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Virginia Creeper Vine Facts

Incredibly Fabulous Facts About the Virginia Creeper Vine

The Virginia creeper is from the Vitaceae family and is also referred to as the 'five-leaved ivy, among other names. Let's find out more about this kind of vine, in the following facts.
Rajib Singha
Last Updated: Mar 6, 2018
Scientifically known as Parthenocissus quinquefolia, the Virginia creeper vine is native to the United States, and belongs to the woody vine family. In the wild, this perennial vine reaches a staggering height of 20-30 m. Smooth surfaces are fancied by this creeper, climbing with the help of its small forked tendrils. The leaves consist of five (in some cases, three) leaflets, 3-20 cm in length. The production of fruit and seeds take place in the spring and continue until fall. Propagation can be done with the help of its bare root, a container, and seeds.
Facts about the Virginia Creeper Vine
  • The advantage of growing this vine is its compatibility with a variety of soil types ranging from dry sandy soil, to moist loamy soil. However, it does best in acidic soil.
  • For light requirements, partial shade to full sun is preferred by the plant.
  • Also, the plant happens to be salt-tolerant. It can be planted next to seashores and roadsides.
  • The vine is even drought-tolerant. However, watering it every week and soaking the soil at a depth of six inches, adds to the health of the creeper.
  • Fall or spring is considered a suitable time to sow the seeds. Also, the seeds must be planted at a depth of 3/8 inches.
  • Common places where this vine can be found include forests margins, on trees, fence-rows, stream banks, and roadsides.
  • It is during late spring or fall when the flowers of this plant mature into berries, which are purplish-black in color.
  • Thanks to the thick foliage produced by the vine, it provides for small animals, shelter.
  • When planted in shaded areas and on slopes, the vine actually helps in preventing soil erosion.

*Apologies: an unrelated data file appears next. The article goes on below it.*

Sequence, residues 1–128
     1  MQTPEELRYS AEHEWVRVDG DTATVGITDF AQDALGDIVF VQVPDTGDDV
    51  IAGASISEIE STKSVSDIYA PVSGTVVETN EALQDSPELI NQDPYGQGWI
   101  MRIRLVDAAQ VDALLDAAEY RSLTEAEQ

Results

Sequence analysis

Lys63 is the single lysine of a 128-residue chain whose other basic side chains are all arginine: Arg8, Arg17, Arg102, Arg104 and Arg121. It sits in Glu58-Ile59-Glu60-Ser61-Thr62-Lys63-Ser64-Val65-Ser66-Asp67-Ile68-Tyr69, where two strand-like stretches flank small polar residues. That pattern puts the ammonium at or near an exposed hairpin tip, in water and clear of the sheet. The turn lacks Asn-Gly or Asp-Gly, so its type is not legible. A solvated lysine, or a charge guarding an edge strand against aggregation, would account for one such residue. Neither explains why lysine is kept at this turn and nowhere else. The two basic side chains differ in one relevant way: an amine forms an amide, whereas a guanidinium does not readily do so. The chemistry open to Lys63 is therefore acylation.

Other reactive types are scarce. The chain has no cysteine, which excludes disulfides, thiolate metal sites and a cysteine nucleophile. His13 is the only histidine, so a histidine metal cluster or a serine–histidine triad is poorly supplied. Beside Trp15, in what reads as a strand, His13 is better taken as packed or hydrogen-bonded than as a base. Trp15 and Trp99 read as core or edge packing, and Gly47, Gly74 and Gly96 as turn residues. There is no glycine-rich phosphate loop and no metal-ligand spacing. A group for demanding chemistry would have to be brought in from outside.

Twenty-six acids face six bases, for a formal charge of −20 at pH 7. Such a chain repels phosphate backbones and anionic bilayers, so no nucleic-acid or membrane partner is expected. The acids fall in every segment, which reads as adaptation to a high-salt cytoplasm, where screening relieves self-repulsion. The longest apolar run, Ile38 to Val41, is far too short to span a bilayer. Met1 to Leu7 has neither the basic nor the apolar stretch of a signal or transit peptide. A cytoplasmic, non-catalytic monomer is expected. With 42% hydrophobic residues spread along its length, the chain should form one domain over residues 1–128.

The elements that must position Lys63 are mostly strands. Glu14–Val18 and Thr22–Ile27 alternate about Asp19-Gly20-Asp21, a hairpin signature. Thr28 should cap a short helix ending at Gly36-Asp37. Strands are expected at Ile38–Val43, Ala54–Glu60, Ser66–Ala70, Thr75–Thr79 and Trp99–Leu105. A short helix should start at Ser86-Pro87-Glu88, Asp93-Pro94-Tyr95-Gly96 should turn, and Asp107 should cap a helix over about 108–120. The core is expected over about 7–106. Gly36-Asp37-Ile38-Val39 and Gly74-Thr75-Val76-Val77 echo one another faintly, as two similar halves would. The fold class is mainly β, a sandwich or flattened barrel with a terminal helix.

• From a medicinal point of view, the bark of the vine becomes of great use in treating coughs, where the berries can be used for various rheumatic complaints. The roots are used as a remedy for diarrhea.
  • Because of its deep burgundy foliage in the fall, the plant is popularly used as an ornamental plant. The vine can be used to transform uninteresting walls, trellises, masonry walls, arbors, or fences, into things of beauty.
  • The vine does well as a shady medium for buildings, keeping a place cooler during the summers, thus, reducing the cost on air conditioning.
  • Some people may not appreciate the aggressive growth rate of this plant, and may wish to get rid of it. The best way to do this is to cut the vine's trunk. Never try to rip the plant from the surface, or it'll cause damage to what it's growing on. Apply an appropriate kind of Roundup, a herbicide, to the freshly-cut stumps. With time, the vine should lose its grip on the wall, or whatever surface it's growing on.
  • The sap of the plant contains what is known as oxalate crystals. These agents, upon contact with the skin, can cause an irritation that leads to a skin rash. However, not all may experience this reaction.
  • Be careful when choosing where you want to plant this creeper; if other plants or trees are in its vicinity, it can take hold and not allow them to absorb nutrients from the sun or the soil.